Abstract: This paper aims to provide a general overview of the current debate on religious defamation laws internationally, and to research and analyse the use and impact of the ‘defamation of religion’ concept and blasphemy laws on freedom of expression in three OIC member states. Part I of the paper will explore the evolution of the concept within the UN in three sections: Section One looks at the positions held by the OIC since the introduction of the initial resolution on defamation of religion at the UN; Section Two explores the counter positions held by NGOs and states in disagreement; and Section Three examines the treatment of this concept in other UN reports, namely from its committees and independent experts, as a measure of the current international consensus. Part II of this project is a study of three selected OIC member states: Algeria, Syria and Pakistan. In this section we present the national laws on religious defamation and blasphemy in each country, including amendments and contemporary moves towards reform. We then follow with a series of recent cases that have employed these laws in each of the three countries, and analyse the use of each in relation to the impact it had on freedom of expression, and other rights and freedoms enshrined in human rights law. By doing so we aim to identify whether the de facto prohibition of defamation relating to religion falls within the spirit of, or conversely is repugnant to each state’s obligations under international human rights law.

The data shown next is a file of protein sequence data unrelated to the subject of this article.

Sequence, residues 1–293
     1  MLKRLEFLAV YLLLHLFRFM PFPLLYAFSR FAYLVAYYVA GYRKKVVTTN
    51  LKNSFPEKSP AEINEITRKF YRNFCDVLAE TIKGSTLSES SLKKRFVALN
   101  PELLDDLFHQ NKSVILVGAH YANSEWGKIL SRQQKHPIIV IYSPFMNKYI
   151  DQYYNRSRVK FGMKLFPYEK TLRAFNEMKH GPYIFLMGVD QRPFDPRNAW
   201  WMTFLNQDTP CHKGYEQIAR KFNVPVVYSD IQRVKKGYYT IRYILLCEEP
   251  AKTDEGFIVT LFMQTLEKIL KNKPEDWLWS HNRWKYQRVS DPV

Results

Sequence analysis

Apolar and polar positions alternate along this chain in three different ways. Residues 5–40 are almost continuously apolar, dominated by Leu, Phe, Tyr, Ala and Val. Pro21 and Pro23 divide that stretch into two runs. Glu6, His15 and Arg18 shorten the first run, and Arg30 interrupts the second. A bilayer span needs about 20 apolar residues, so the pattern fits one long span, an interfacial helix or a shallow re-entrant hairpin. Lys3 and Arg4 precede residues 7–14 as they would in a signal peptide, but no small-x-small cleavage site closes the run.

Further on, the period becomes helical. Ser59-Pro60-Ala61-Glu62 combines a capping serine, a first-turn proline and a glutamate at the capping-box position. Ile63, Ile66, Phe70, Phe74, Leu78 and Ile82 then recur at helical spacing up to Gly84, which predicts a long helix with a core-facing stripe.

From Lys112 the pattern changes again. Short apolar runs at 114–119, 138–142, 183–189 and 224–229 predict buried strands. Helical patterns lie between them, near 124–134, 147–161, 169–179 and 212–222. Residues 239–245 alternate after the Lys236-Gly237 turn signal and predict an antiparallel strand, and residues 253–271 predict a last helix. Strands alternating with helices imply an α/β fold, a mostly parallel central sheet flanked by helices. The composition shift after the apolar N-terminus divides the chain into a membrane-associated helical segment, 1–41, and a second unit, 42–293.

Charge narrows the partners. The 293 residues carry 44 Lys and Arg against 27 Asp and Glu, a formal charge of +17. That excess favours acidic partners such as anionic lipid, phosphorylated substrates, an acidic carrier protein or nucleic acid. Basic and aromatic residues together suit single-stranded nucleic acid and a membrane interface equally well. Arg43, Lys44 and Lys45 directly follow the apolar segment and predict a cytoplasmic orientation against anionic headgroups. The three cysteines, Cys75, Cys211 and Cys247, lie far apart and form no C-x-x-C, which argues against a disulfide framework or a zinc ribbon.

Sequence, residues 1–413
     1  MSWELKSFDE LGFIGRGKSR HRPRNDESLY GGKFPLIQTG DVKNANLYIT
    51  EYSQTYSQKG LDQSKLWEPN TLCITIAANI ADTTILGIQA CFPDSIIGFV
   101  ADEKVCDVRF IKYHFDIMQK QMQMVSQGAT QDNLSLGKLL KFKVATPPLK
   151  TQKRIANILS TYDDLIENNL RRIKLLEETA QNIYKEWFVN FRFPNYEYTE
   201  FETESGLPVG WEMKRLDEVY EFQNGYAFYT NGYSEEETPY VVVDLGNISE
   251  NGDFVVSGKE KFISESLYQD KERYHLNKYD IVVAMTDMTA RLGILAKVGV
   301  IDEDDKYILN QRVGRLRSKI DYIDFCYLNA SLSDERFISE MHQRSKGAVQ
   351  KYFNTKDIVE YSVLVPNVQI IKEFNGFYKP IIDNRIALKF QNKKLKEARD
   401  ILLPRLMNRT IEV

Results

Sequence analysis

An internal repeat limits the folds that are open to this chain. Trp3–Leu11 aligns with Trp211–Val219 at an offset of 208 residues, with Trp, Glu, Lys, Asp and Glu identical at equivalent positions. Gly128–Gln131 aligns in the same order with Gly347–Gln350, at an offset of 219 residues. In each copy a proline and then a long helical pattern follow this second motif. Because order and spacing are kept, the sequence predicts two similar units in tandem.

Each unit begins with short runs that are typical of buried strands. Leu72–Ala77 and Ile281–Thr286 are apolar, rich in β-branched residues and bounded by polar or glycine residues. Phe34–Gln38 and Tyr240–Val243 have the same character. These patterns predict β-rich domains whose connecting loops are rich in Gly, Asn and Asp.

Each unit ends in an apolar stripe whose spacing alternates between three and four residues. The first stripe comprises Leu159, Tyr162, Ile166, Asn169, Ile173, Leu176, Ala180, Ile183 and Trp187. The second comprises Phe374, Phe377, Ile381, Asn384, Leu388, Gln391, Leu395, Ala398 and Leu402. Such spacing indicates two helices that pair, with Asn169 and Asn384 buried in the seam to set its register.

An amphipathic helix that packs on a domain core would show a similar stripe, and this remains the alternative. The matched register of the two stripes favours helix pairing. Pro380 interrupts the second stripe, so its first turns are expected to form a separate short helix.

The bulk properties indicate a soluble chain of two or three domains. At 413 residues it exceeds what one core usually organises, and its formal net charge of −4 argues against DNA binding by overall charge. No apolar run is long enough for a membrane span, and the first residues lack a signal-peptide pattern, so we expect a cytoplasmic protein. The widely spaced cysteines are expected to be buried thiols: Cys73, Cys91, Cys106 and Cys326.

Note: The paper was written with Julia Alfandari and Regula Atteya. I researched and wrote specifically on the defamation discourse at the UN (Section 2.3, here), and the legal and human impact of Pakistan’s blasphemy laws using five case studies (here).